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Europeans in Britain 'at risk' after Brexit, warns Migration Observatory
THOUSANDS of Europeans living in the UK, including a high number of Spaniards, could lose their basic rights following Brexit – and children, the elderly and victims of domestic violence are the most at risk, says the Migration Observatory at Oxford University.
Even if they meet all the requirements for remaining permanently in Britain once the country leaves the European Union, problems in presenting the required paperwork to obtain 'settled status' could leave them in a situation similar to that of an 'illegal' immigrant and losing their right to stay.
The Observatory's report warns that thousands of Europeans in the UK may not understand that they need to go through this paper trail, meaning they would lose their residence rights without even realising and discover their situation when it is too late.
“The Interior Ministry is attempting to create a system whi9ch is easy and direct, and the majority of European citizens should be able to get through this simplified process with few problems,” the Migration Observatory's director Madeleine Sumption says.
“But for a minority of people, the process will be much harder.”
She cites those who are 'socially isolated', victims of 'exploitation', and 'personal barriers' such as poverty or mental illness.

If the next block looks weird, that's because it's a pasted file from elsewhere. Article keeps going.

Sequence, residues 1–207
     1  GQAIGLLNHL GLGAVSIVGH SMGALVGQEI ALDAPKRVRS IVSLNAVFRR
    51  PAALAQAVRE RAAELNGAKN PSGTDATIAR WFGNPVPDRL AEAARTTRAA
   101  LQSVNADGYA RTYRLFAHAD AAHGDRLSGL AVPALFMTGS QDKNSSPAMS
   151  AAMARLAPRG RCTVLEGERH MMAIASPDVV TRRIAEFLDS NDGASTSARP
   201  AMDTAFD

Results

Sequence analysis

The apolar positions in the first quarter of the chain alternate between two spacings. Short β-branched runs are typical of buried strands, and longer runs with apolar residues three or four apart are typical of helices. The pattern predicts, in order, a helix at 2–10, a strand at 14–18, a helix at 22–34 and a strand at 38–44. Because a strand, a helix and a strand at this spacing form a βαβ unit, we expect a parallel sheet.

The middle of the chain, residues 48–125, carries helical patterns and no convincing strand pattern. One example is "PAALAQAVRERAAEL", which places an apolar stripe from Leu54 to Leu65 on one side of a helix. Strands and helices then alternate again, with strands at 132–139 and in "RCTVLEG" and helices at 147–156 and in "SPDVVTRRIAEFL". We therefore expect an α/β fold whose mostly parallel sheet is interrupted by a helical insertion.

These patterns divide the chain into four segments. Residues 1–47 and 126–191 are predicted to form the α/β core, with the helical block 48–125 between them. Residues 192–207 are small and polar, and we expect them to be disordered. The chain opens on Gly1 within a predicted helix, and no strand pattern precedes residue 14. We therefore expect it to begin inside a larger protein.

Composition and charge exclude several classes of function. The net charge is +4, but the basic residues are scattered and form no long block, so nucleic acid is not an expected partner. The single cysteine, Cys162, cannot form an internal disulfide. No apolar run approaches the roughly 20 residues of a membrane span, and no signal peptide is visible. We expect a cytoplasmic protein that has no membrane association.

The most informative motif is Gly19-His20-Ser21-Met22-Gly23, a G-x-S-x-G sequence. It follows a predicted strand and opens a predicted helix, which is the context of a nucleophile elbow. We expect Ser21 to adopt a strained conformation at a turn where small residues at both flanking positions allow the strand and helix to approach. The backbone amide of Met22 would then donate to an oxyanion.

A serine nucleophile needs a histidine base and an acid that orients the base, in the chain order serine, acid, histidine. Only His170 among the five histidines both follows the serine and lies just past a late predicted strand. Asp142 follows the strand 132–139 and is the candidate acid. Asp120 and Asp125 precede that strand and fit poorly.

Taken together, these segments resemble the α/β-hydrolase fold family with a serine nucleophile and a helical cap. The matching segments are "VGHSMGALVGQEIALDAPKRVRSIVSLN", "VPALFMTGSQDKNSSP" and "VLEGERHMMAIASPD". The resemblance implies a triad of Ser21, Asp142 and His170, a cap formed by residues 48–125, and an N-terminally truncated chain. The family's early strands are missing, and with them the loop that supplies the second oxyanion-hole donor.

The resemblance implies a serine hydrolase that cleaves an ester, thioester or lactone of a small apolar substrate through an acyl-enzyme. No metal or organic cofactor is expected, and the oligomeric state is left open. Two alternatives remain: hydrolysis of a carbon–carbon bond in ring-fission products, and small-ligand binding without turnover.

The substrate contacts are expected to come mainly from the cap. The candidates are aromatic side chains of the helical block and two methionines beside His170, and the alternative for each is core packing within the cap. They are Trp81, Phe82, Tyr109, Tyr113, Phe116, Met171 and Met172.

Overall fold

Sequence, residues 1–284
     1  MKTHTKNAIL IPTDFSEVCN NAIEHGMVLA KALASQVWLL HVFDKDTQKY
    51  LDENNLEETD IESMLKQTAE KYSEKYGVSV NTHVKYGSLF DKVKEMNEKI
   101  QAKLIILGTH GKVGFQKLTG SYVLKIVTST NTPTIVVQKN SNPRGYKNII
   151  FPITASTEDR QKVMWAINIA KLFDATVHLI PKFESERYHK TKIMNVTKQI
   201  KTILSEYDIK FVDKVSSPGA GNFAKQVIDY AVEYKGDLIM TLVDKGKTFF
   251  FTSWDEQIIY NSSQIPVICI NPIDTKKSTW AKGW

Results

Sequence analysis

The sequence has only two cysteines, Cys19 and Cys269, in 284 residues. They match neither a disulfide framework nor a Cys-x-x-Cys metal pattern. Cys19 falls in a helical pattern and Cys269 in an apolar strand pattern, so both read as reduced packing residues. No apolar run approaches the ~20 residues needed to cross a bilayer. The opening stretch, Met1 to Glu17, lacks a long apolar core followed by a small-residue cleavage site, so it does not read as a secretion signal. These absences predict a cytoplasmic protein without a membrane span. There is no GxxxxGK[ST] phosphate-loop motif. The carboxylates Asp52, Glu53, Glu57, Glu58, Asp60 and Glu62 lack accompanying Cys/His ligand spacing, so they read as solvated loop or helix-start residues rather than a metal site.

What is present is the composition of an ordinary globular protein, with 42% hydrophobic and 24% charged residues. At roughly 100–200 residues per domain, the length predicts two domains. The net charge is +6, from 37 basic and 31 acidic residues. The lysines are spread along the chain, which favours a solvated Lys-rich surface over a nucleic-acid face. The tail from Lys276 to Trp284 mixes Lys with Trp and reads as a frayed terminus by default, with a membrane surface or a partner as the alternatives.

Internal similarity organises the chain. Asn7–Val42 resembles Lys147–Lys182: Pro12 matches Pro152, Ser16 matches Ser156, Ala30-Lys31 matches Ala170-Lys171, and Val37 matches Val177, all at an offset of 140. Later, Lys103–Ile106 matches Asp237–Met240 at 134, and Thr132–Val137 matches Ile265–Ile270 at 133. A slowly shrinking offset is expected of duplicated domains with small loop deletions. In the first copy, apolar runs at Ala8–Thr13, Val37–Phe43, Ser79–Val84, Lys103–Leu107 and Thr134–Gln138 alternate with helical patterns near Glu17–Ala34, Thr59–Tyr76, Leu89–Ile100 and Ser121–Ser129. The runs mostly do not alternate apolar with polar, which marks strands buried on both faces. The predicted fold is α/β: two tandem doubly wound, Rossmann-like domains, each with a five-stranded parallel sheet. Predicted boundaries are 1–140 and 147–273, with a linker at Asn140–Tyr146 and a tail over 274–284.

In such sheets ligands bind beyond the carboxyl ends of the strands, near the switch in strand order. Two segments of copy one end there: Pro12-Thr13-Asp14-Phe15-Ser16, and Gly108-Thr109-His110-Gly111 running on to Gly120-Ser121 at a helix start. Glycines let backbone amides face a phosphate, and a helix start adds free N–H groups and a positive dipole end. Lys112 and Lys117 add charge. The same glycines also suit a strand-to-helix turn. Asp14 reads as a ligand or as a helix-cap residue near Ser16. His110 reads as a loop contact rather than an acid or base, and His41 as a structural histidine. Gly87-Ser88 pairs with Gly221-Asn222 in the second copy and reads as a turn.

Also, parents of the tens of thousands of children born in the UK mistakenly believe, in most cases, that their kids are automatically considered as having 'settled status' and enjoying the same rights as a British child.
This means the parents may not apply for residence on behalf of their children, who could, in theory, be 'deported'.
Another group at serious risk are the 140,000 or so Europeans who have lived in the UK for over 30 years, and the 56,000 EU nationals there aged over 75.
They include numerous Spaniards, principally from the Basque Country, in their 80s or 90s who were evacuated to Britain during the Civil War and stayed there, as well as dissenters who fled to the UK during Franco's régime or who moved there to find work during times of extreme poverty in Spain.
Those who have been in Britain for most or all of their adult lives may already hold documents which accredit their 'permanent right to remain', and believe that as a result, they do not have to apply for 'settled status' – whereas, in fact, they do, or they will be considered 'illegal immigrants'.
Europeans in 'particularly vulnerable' situations, Madeleine Sumption says, could also fall foul of Brexit – victims of domestic violence, including psychological abuse and excessive control, may be in a situation where they rely on their partners to deal with their paperwork, or may be prevented from leaving the house or using the internet to do so themselves.
Britain's Interior Ministry plans to open the 'settled status' process this year so that the more than three million EU citizens living in the country can register, allowing them to keep their residence rights and work permits.
Only those who have lived in the UK for five years or more by the end of the year 2020, when the Brexit 'transition period' expires, can apply for 'settled status'.
Anyone who has not lived there long enough by this date can remain in the UK until they have acquired five years of continous residence, then they will be required to apply for 'settled status'.
Brexit will formally take place on March 29, 2019, but during the transition period, the UK will remain subject to EU rules and to the benefits of the single market, albeit without any decision-making power.
Photograph by campaign group Bremain in Spain, led by Sue Wilson, at an anti-Brexit protest march in Manchester
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